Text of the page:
Black Lives Matter vs. Bernie Sanders: Seattle Showdown Edition. I’m conflicted.

I know I’m late. But it has literally taken me this long to form an coherent opinion on the the event.

Skip to the next header if you already know what happened in Seattle.

During a planned rally on Saturday, August 8th, three Black Lives Matter activists forced their way onto the stage and demanded Bernie Sanders address racial in justice. After extended remarks from the activists and mixed but mostly negative reactions from the crowded, Sanders left the stage and the rally was cancelled. Watch for yourself, if you are so inclined.

Subsequently, all the feels. Every single one.

For real. I had every reaction to this event.

But none of them really felt right to me.

I also received every one of these reactions from my network. White and POC alike. I just couldn’t make up my mind. None of them felt right. Every reaction I saw and felt was missing something I just couldn’t put my finger on.

Until I saw this video from the always eloquent and aptly named Jay Smooth.

I’m not going to recap it, because it is perfect and you should watch it. But I have to highlight this quote:

That’s great that he marched with Dr. King in the 60s but we also marched with Janet Jackson in the 80s and she taught us to ask, ‘What have you done for me lately?’ … If you believe in Bernie Sanders you should have faith that he can answer that question.

In terms of direct action, I thought the Seattle Showdown was a hot mess. I thought it was poorly executed, unfocused, and had terrible optics. It should have and could have been done better. However — and this is a huge “however” — it was a big net positive when you take into account its effects:

  • A weeklong top-story conversation about Black Lives Matter, its organizers, and its representation in the Democratic platform
  • Sanders added a substantial race and racial justice page to his campaign website
  • Sanders hired a black woman, who is a BLM supporter, as press secretary

So in end, I am totally ok with it.

Obviously, the Sanders campaign had its responses in the works for some time. I strongly believe, however, the Seattle Showdown accelerated them.

Regardless, his response to direct action — which will continue if organizers are to be believed — needs to be honed. He can’t just keep walking off-stage whenever it gets uncomfortable.

Bernie Sanders, I believe in you. But you need to bring it.

Sanders has been in the civil rights game for a long time and has, as one would, built up a pretty substantial record on advocating for marginalized communities as a civilian and as a public servant. Big time props for that.

However, there are two problems:

1) Socialism is an incomplete political philosophy.

Socialism is ultimately an economic model that addresses only economics. Even if one extends that model into a broader philosophy of “shared sacrifice creates shared progress”, it can only go so far to address issues that are largely cultural and largely not economic.

“How would socialism address the death penalty?” Electric chair Flickr/Thomas Hawk

Yes, our current capital punishment system is horrifically expensive and inefficient and an argument can be made that this inefficiency has an economic impact. But, what if the system was fiscally flawless?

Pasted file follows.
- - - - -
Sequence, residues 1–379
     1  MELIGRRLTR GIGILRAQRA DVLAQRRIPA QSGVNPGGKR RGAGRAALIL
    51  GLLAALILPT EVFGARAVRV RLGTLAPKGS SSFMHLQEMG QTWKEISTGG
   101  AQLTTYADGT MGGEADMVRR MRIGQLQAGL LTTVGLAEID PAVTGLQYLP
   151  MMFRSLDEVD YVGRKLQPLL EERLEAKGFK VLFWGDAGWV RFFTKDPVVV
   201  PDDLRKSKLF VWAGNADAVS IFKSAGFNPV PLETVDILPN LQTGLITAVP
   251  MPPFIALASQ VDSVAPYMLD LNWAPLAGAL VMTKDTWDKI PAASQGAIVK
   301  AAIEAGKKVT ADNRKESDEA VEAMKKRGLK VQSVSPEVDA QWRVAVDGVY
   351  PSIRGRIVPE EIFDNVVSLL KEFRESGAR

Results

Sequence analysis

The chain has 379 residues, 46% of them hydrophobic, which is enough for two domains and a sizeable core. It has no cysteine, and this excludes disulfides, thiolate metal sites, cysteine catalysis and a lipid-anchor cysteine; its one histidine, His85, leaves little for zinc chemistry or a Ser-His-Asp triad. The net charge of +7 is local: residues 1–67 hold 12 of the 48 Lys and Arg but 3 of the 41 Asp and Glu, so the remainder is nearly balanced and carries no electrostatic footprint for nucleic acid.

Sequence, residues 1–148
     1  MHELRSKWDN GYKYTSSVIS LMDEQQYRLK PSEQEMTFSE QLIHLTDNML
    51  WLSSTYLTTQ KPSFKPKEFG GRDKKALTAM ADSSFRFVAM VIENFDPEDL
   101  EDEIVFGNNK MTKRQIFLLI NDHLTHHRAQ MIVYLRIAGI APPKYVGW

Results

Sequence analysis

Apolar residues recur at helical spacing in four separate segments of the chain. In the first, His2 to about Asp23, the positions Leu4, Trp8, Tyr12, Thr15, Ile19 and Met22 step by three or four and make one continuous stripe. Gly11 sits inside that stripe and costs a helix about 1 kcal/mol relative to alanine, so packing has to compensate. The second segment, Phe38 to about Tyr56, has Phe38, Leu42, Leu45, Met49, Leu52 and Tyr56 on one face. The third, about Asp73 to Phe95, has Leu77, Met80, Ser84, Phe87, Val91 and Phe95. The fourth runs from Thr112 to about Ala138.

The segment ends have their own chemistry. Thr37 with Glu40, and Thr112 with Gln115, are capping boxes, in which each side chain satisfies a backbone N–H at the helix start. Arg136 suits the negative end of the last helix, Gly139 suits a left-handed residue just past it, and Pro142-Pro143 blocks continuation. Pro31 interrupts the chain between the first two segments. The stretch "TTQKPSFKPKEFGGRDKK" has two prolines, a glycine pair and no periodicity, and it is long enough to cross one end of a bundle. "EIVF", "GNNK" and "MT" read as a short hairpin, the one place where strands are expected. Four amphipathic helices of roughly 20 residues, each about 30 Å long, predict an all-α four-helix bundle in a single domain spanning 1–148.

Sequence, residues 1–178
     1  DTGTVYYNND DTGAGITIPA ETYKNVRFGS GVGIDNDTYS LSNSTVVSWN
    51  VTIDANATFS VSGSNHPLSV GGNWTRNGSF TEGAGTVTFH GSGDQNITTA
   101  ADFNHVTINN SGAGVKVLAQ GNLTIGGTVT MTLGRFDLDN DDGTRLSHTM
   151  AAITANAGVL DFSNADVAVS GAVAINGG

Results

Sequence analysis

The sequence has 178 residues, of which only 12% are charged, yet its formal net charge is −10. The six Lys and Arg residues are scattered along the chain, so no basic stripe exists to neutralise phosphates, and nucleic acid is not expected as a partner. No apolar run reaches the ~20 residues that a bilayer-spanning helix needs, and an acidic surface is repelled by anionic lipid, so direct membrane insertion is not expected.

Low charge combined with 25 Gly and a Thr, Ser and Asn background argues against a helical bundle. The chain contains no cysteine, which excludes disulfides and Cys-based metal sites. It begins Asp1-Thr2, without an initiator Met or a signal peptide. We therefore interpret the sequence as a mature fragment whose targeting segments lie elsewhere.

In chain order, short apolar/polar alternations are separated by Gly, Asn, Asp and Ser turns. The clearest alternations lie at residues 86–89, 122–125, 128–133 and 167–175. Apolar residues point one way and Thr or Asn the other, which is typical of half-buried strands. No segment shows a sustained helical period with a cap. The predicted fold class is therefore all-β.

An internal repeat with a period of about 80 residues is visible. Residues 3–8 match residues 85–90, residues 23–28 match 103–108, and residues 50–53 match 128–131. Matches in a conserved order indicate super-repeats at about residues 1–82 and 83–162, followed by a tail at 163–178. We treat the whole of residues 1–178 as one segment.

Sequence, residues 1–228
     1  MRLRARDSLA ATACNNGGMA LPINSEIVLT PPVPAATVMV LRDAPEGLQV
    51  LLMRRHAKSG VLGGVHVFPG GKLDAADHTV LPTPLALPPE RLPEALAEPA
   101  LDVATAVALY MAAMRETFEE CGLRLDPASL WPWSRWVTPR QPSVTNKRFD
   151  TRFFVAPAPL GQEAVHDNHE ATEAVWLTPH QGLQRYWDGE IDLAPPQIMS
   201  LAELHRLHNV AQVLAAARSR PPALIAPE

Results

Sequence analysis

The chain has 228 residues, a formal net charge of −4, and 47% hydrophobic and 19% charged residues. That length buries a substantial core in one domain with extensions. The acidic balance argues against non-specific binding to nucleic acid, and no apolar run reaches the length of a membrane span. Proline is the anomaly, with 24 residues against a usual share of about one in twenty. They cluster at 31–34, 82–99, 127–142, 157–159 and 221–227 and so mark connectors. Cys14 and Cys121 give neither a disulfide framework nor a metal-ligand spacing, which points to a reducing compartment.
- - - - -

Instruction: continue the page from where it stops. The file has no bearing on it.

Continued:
How does socialism address the ethical question of capital punishment?

It can’t. Socialism is not an ethical construct. It is an economic construct. What does that have to do with anything? Everything. While structural racism often manifests itself in economic inequality, it doesn’t always. Much of racism is cultural and cultural racism fuels (explicitly and implicitly) structural racism.

Without an ethical framework to inform cultural positions, there is no reason for any member of any marginalized community to believe that a socialist can end societal dynamics of discrimination.

2) Scandinavian socialism is white socialism.

Furthermore, Sanders’ socialism is largely built from the Scandinavian model of socialism. I don’t know your level of familiarity with Scandinavia, but it does not look like America.

“Every Scandinavian country is more than 90% white.” Norwegian family in traditional clothing Flickr/KA4A8941

The United States is 63% white.

Panoramic view of the Copenhagen city Skyline Flickr/City Clock Magazine

Less than half of US states have a urbanization rate this high.

This demographical disparity makes it impossible for Scandinavian one-size-fits-all socialism to succeed.

It creates the potential for all sorts of terrible policy miscalculations from the laughably flawed national $15 an hour minimum wage nonsense to the racially ineffectual rising tides lift all boats approach of white socialism. Americans are too diverse for Scandinavian socialism.

It can’t succeed without acknowledging our differences.

Socialism + Intersectional Progressivism = WIN!

Intersectional progressivism is just progressivism that acknowledges that we are not all the same. Every community experiences and is experienced differently and those differences effect outcomes enough that they must be taken into account when creating policy. Pair that with socialism and we have a powerful, effective, data-driven platform lifts all boats without leaving people of color to drown.

Personally, I bet Sanders’ personal politics are pretty much there. But when it comes to intersectional progressivism, the rigor and vigor of his campaign rhetoric and policy platform need to match that of his socialism.

That is what I want from him. That is what Black Lives Matter wants from him. That’s what all his supporters should want from him.

He’s getting there. That means it’s working.